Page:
Changing How You Think

Books that, when you’ve finished them, have caused you to “pivot” your mindset. Ones that make you think in a new and more informed way.

Changing How You Think
Capital Thinking | Changing How You Think

Capital Thinking  •  Issue #498  •  View online

If I had to choose between a 4-year degree, and the right combination of books, I’d go with the books.

-Nat Eliason

15 “Pivotal” Books that Changed How I Think and Live

By Nat Eliason in Books:

Not 50 Shades of Grey or Captain Underpants, but books that fundamentally change how you think about the world.

Books that, when you’ve finished them, have caused you to “pivot” your mindset. Ones that make you think in a new and more informed way.

Over the last four years, since I started reading heavily, I’d estimate that I’ve finished 300 books.

Reading a ton isn’t hard, but finding pivotal books is grueling. Out of those 300 books, only 15 made my list.

Since realizing what a small percentage of books I was reading were having significant impacts on my mindset, I’ve stopped focusing on mass consumption and instead am focusing on finding more pivotal books.

If you, too, are trying to find books that, when you put them down, have added a new color to the world, here’s my list.

1. Antifragile, by Nassim Taleb

“If true wealth consists in worriless sleeping, clear conscience, reciprocal gratitude, absence of envy, good appetite, muscle strength, physical energy, frequent laughs, no meals alone, no gym class, some physical labor (or hobby), good bowel movements, no meeting rooms, and periodic surprises, then it is largely subtractive (elimination of iatrogenics).”

Key lessons:

  • Be the hydra: Develop systems where if one part of you is cut off, you grow back stronger. Entrepreneurship, creative works, freelance, supports this. White collar makes it hard.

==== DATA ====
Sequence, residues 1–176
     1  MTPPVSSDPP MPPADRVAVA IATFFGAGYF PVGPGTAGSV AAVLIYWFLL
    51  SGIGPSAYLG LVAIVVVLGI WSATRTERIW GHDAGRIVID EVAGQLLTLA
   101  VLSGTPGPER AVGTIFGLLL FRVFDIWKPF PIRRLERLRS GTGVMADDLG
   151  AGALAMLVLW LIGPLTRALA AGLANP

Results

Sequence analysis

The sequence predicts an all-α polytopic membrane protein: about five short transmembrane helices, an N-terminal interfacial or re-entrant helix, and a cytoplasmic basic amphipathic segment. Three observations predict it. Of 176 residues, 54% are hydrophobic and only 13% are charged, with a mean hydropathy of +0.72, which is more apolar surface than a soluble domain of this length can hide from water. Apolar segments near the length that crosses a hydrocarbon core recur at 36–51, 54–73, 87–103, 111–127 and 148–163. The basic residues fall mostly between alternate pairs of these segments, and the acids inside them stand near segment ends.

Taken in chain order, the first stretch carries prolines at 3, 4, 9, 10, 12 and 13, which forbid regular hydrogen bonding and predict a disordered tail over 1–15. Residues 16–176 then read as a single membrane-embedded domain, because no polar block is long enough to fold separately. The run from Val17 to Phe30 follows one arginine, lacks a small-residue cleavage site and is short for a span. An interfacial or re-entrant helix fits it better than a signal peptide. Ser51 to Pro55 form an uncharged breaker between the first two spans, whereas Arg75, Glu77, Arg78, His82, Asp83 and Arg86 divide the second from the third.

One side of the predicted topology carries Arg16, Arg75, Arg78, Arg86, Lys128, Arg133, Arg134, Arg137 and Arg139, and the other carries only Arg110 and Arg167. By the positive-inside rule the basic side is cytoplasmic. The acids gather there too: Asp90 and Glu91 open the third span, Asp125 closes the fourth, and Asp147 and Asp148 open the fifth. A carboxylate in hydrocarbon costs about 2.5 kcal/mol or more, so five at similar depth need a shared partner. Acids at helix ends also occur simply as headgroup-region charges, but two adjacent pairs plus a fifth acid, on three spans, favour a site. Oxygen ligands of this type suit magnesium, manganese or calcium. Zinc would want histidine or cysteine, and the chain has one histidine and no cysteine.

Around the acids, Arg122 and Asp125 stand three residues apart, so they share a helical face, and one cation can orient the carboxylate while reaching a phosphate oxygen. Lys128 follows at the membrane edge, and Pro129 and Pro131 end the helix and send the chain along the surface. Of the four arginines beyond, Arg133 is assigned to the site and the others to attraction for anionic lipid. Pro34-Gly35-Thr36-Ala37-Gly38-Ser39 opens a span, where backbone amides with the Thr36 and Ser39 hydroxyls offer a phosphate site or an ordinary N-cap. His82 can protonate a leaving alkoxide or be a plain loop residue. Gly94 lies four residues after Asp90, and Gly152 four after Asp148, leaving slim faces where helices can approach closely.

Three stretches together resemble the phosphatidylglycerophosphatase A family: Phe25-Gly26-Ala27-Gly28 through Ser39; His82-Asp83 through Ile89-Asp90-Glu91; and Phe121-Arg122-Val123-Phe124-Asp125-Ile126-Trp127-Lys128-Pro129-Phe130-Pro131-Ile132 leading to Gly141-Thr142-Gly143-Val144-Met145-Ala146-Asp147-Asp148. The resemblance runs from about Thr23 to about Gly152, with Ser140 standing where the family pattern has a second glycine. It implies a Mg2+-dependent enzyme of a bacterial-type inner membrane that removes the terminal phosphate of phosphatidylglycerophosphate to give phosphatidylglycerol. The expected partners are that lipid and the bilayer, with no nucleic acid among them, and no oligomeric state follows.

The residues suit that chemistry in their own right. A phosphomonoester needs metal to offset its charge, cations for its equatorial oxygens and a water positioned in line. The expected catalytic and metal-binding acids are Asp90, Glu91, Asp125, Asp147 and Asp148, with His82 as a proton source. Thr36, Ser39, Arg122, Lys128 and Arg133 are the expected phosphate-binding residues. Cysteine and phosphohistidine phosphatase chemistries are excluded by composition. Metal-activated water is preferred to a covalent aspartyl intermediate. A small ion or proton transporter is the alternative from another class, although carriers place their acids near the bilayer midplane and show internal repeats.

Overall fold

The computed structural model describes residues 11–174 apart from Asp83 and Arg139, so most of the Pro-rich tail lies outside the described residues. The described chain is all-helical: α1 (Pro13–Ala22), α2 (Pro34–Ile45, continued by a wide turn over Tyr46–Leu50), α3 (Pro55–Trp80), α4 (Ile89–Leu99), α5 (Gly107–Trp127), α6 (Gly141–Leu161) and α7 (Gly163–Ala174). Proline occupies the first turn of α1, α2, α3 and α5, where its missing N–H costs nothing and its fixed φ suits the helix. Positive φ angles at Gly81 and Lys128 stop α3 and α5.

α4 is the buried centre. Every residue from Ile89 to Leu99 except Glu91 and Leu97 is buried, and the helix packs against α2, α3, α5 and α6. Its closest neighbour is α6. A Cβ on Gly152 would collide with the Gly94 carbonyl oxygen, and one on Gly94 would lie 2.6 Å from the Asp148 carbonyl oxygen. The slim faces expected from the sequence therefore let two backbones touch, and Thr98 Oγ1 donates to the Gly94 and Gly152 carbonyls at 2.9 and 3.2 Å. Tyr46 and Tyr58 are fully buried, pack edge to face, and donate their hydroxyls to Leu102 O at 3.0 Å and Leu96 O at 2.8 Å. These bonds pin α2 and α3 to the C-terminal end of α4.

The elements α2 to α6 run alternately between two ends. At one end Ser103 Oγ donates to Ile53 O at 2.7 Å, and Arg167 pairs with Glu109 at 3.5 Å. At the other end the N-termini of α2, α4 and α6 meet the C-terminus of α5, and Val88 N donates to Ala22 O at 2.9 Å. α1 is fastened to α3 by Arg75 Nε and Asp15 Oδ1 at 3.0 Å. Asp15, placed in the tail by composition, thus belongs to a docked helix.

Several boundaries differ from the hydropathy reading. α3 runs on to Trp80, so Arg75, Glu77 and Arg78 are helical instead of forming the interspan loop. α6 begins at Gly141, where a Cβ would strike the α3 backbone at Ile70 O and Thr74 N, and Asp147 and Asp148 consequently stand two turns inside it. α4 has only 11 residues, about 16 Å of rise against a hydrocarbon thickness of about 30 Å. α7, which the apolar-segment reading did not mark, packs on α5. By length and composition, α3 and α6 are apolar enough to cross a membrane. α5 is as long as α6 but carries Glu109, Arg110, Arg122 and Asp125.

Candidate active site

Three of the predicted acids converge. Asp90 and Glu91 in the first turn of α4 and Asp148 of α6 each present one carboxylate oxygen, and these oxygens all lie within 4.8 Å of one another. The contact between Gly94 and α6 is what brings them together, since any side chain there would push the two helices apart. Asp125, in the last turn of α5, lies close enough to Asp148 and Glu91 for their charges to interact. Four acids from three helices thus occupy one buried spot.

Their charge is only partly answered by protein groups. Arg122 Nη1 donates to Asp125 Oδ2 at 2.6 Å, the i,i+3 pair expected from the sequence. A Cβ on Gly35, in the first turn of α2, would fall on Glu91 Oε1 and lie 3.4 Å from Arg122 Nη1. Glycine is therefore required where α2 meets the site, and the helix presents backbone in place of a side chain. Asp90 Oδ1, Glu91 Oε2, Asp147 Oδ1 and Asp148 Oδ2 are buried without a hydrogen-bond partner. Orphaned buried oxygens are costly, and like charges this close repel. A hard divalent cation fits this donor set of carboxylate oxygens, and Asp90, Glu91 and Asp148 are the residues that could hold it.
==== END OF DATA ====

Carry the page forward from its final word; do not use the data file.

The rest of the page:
• Small damage benefits human systems: Lifting weights damages you briefly, then makes you stronger. Fasting is hard but makes you healthier.
  • Removal is better than addition: Cure illness by finding the cause, not by adding medication. Cure unhappiness by finding the source, not by adding indulgence.

2. Letters from a Stoic, by Seneca

“Let our aim be a way of life not diametrically opposed to, but better than that of the mob.”

Key Lessons:

  • We can’t control our fate, only our reactions:Complaining, worrying, dreading, regret, and any other past or future-minded emotions are useless. Recognize them, then let them pass.
  • Self-improvement above all else.
  • Create internal happiness: Non-reliance on external things for happiness (stuff, people, money, etc.) makes you impervious to loss.
  • Be mindful of your inputs: The people you spend time with, the information you read, the environment you’re in all effect you immensely. Cull negative inputs and seek out positive ones.
  • Find a mentor: Whether or not you can get direct access to them, model yourself after someone, emulate their successes, skip their failures.

3. Atlas Shrugged, by Ayn Rand

“She was fifteen when it occurred to her for the first time that women did not run railroads and that people might object. To hell with that, she thought- and never worried about it again.”